Subject to governmental authority - National or State, according to its charter - the management of any bank is vested in its board of directors. Such directors are elected by the stockholders. The directors elect the officers, president, vice-president, cashier and assistant cashier, who are the executive heads of the institution and are charged with the duty of administering its affairs. The number of vice-presidents and assistant cashiers depends upon the size of the bank. The directors may also appoint committees - such as a discount committee, an executive committee, and an examination committee - that the business of the bank may seem to require. According to the character of their duties and responsibilities, bank officers and employees may be classified as (1) executives, (2) tellers, (3) bookkeepers. Whenever it becomes necessary, on account of volume of business, to divide the work in a bank into divisions, each employing a group of clerks, such divisions are organized into departments each having a department head, who is usually a teller, a head bookkeeper, or perhaps a junior officer. In the very large banks the executive staff is itself organized into groups, and there may be a vice-president and one or two assistant cashiers in charge of each important department. The work of a department in a large bank is nothing more nor less than the work of a single man in a small bank apportioned among several men. The departments into which a medium sized bank is ordinarily divided are as follows:
(1) Receiving Teller's Department (Teller) - Receives, receipts for and proves deposits, distributes checks to bookkeepers and other departments, prepares exchanges for clearing houses, and turns cash over to the paying teller at end of day.
(2) Transit Department (Teller) - The transit department may be a subdivision of the receiving teller's department and was formerly known by other terms, such as correspondence, foreign check, miscellaneous check or country check department. This department assorts checks and other cash items payable out of town, indorses them and lists them on letters addressed to other banks. It gives totals of outgoing or remittance letters to general ledger bookkeeper at end of day. This department often keeps the records of exchange charged on out-of-town checks, and of delayed credits on interest balances made necessary because of uncollected funds deposited.
(3) Paying Teller's Department (Teller) - Pays or certifies checks, is in charge of the signature book or cards bearing the authorized signatures of all depositors, ships currency, is in charge of the vault cash, and makes up payrolls.
(4) Note Teller's Department (Teller) - Collects notes and drafts due at the bank or elsewhere in the city. It is usually in charge of the runners or messenger department, which is a subdivision, and it usually receives deposits made by other banks, and may perform the functions of a mail teller.
(7) Credit Department (Executive) - Secures and collects information relating to borrowers, checks statements submitted by them, and is in charge of credit files, which contain information as to the reliability, business habits and financial strength of borrowers.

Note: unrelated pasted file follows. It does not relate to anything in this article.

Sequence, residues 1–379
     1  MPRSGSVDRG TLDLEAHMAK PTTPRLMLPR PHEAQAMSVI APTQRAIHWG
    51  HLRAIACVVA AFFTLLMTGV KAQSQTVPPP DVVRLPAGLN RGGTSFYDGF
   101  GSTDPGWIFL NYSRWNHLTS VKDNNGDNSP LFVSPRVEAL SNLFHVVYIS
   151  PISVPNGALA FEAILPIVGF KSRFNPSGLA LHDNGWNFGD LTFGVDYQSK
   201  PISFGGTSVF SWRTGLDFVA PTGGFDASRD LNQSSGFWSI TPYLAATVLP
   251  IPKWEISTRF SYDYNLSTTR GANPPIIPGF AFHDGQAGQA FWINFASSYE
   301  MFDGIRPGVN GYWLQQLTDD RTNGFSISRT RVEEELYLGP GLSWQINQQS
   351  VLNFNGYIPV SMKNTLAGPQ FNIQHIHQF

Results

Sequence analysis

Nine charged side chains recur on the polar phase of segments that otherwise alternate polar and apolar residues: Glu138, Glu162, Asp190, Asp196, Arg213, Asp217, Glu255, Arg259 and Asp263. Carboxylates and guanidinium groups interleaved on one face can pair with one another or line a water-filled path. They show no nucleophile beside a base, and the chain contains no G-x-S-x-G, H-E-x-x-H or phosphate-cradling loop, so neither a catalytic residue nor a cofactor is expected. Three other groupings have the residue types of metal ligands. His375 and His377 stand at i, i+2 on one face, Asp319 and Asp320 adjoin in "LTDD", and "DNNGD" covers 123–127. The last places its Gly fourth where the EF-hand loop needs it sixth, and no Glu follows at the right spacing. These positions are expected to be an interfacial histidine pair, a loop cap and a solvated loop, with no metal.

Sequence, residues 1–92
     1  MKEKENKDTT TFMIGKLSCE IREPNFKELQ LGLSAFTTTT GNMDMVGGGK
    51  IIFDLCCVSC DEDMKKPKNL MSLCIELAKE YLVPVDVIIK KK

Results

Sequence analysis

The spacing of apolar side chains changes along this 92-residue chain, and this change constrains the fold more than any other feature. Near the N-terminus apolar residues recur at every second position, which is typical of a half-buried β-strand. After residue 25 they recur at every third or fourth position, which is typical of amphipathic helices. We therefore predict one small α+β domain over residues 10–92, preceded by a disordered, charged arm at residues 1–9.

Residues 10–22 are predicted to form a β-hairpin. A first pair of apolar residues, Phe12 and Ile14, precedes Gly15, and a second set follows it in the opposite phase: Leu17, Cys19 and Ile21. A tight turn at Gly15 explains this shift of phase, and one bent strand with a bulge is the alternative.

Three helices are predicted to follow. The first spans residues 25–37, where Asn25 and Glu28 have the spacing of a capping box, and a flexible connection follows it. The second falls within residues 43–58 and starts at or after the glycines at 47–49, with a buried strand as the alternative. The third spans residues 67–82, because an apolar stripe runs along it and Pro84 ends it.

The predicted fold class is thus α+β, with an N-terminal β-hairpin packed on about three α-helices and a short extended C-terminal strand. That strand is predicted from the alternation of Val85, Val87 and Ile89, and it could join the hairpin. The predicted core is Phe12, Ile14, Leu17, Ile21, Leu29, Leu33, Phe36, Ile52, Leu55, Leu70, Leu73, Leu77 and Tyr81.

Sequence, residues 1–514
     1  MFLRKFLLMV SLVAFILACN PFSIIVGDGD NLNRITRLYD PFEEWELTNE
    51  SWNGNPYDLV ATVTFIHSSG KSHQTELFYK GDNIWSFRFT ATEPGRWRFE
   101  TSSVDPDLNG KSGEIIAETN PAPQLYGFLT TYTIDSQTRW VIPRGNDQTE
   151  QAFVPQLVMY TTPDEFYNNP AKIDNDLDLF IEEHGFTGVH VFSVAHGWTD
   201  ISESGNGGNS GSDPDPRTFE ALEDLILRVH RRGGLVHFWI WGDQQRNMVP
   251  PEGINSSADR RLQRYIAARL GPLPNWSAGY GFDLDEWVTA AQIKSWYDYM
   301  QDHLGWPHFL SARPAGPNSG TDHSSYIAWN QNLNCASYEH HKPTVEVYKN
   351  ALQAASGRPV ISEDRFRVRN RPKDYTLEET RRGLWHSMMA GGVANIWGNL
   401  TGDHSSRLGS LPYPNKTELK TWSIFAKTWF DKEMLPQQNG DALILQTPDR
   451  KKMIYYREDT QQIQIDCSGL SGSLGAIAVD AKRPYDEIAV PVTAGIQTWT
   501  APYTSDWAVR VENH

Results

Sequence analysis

(8) Analysis or Statistical Department (Executive) - This department is usually found in city banks. It analyzes the accounts of depositors to determine which are profitable and which are losing accounts, makes monthly reports to officers, is in charge of statistics relating to the bank's accounts and matters in which the bank is particularly interested. It is closely related to the transit department.
(10) Country Bank Account Department (Bookkeepers) - This department is confined to city banks. It keeps the accounts of other banks.
(11) Individual Ledger Department (Bookkeepers) - Keeps the records of the balances of individual depositors and figures interest on accounts. It may be subdivided as to kind of accounts (savings, dealers), in addition to ordinary alphabetical division, and may balance pass-books or there may be a separate department for this purpose using the statement system.
(12) Auditor's Department (Executive) - This department is responsible for the settlement of the various departments, reconciles the accounts with other banks, and certifies interest calculations.
In addition to these departments, there are others to be found either in very large banks or even in small banks operating special features. Among the first might be noted the coupon department, exchange department, purchasing department, filing department, interest department, new business department, etc., all of which terms are self-explanatory. Among special departments may be mentioned the foreign exchange department, the bond department, safety deposit department, special deposit department (securities and valuables stored with the bank, but not placed in private boxes). In trust companies there is the trust department, which may have a complete independent organization of its own, with officers, bookkeepers and other clerks. This department has charge of the trust accounts.